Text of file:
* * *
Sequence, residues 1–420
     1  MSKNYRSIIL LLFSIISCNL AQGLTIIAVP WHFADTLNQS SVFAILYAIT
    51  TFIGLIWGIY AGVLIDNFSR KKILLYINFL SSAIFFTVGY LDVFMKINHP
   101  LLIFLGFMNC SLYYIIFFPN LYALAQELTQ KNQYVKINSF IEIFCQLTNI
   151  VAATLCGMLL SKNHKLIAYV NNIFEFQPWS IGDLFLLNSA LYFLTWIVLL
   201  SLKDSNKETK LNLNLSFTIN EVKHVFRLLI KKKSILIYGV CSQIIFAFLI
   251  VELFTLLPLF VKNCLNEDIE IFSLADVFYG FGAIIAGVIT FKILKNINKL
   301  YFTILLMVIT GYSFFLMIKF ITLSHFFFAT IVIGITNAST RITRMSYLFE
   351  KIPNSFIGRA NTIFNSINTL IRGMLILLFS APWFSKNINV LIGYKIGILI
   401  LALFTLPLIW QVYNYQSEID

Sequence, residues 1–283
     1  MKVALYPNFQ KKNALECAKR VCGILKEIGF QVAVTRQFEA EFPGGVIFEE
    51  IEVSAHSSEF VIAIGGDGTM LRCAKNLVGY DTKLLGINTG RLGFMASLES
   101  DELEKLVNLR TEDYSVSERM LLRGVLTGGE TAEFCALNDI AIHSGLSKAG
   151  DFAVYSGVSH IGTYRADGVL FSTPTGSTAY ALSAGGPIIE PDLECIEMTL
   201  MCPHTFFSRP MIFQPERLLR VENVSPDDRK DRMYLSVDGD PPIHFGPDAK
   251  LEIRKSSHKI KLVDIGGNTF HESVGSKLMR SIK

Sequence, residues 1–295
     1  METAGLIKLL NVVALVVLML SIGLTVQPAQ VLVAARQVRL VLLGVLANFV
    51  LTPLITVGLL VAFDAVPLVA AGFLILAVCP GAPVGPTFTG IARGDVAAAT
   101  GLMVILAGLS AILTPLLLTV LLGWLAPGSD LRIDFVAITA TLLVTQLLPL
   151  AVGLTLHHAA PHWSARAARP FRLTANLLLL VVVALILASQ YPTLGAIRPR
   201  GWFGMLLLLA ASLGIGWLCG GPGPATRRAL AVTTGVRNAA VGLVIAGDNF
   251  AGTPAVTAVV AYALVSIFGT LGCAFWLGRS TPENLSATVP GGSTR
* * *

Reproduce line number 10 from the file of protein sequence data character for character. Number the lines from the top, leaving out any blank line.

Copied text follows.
   401  LALFTLPLIW QVYNYQSEID